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February 28, 2013

Elmer Eusman Named Chief of the Conservation Division

Elmer Eusman, who has worked for the past 12 years in the Library of Congress Preservation Directorate, has been named chief of the Library’s Conservation Division.

Eusman has nearly 28 years of training and experience in the conservation and preservation fields. At the Library, he developed a strong background in project and program management.

The Library’s Director for Preservation, Mark Sweeney, said "Elmer Eusman brings to this position expert conservation skills and training, solid knowledge of the collections and proven management experience. During the last 12 years, he has guided several major preservation initiatives, including a paper-strengthening project, anoxic encasement of the 1507 Waldseemüller World Map and ongoing iron-gall ink corrosion research. I’m confident he will prove to be an outstanding steward of the conservation program for years to come."

Eusman’s promotion took effect Feb. 25. He will oversee the Conservation Division, which ensures the continuing existence of the Library’s collections, assesses and mitigates risks to Library holdings, monitors Library environments, handles emergencies, develops care and management policies and training, prepares materials for exhibitions and digitization, and annually treats and houses more than a half-million endangered photographs, prints, rare books and special media items.

From 2004 to 2013, Eusman was special assistant to the director for preservation, responsible for coordinating fiscal, human resource and other administrative activities. During this time, he served as acting chief of the Preservation Reformatting Division in 2011. He directed the work related to the annual reformatting of more than 3 million pages of the Library’s collections.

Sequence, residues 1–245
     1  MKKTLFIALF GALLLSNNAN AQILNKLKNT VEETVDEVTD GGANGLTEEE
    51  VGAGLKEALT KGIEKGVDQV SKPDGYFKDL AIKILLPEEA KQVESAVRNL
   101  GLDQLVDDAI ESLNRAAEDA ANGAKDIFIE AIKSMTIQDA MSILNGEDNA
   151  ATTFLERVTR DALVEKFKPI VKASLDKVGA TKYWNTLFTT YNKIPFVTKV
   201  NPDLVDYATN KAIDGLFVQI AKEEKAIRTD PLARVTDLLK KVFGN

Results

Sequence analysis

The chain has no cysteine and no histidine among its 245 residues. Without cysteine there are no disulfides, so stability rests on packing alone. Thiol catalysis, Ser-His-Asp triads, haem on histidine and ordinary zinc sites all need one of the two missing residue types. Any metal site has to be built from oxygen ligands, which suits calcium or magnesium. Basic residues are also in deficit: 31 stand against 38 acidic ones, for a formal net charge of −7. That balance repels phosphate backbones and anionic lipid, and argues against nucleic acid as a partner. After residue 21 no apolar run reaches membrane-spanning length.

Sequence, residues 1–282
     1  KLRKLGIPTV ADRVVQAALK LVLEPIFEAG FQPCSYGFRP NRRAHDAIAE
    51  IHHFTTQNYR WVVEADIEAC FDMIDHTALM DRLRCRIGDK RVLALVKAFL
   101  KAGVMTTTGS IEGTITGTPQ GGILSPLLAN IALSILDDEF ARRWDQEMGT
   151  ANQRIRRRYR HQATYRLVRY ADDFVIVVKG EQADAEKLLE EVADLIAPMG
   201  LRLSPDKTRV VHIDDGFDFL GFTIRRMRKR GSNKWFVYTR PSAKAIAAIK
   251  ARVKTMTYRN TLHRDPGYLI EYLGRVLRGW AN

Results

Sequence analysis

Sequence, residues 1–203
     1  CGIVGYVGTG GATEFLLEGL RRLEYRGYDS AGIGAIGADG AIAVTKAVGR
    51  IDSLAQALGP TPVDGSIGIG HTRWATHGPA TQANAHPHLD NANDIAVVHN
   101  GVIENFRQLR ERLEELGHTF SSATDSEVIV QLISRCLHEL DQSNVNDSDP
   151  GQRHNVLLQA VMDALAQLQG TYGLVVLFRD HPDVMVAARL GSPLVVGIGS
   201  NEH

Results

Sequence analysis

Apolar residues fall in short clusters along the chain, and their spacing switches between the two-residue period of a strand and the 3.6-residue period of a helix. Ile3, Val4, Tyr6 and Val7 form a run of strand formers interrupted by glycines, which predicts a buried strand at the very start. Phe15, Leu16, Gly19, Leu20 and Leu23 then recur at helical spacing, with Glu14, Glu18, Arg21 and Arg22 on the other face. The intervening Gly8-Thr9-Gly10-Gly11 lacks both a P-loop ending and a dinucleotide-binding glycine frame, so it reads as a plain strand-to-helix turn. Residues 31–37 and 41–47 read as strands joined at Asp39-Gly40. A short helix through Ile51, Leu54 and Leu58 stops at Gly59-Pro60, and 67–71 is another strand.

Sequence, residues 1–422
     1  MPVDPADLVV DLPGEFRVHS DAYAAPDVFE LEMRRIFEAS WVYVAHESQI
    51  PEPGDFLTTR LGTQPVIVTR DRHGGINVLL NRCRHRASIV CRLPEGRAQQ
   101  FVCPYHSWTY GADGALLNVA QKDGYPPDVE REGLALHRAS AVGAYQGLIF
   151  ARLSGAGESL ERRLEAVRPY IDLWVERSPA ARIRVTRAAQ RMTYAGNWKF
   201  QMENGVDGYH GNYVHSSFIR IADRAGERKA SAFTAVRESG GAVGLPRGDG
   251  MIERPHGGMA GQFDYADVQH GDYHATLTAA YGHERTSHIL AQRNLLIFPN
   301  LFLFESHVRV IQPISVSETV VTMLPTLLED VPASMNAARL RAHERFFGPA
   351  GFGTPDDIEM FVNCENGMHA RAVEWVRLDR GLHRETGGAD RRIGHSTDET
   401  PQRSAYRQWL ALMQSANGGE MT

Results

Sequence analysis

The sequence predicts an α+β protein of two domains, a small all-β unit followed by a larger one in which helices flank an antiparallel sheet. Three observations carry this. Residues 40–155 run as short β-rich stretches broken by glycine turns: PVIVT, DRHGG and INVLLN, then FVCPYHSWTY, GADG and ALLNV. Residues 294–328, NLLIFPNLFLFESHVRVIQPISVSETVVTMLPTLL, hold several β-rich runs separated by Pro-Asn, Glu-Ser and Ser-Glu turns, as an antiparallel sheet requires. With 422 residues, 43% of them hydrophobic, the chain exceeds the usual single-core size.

Prior to 2004, Eusman was a preservation specialist in the Library’s Conservation Division, responsible for the conservation treatment of items from three major collections in the Prints and Photographs Division—the Eames, Art Wood and Swann collections. He led teams that planned and coordinated the paper-strengthening program and the iron-gall ink corrosion research project. The paper-strengthening program resulted in the treatment of 40,000 brittle newspaper pages of significant Hearst publications which can now be accessed safely in their original format.

A native of the Netherlands, Eusman worked in the Rotterdam Boymans Museum from 1997 to 2000. As senior conservator, he was responsible for the day-to-day business in the paper conservation laboratory. He coordinated with multiple Dutch cultural institutions to coordinate the creation of an authoritative ink corrosion website and collaborated with Amsterdam Shell Research Laboratory scientists to examine the migration of iron ions in paper during conservation treatment.

Before his work at the Boymans Museum, Eusman worked at the Baltimore Museum as an assistant conservator (1994-1997), was the Mellon Fellow in the Paper Conservation Department at the National Gallery of Art (1990-1993) and completed internships at the British Museum in London, the Amsterdam Rijksmuseum and the Corrigon & Greca private studio in Paris.

He has presented and published on various research projects including ink corrosion treatment, paper degradation at the wet-dry interface, working methods of the 18th-century Dutch printmaker Ploos van Amstel, project-management tools and techniques, and a number of conservation projects and case studies.

In 1989, Eusman received his diploma from the Dutch National Conservation Program (Opleiding Restautoren, now incorporated into the University of Amsterdam), leading to the independent practice of art conservation. He received his certification as a project management professional from the Project Management Institute in 2005.

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PR 13-038
02/28/13
ISSN 0731-3527

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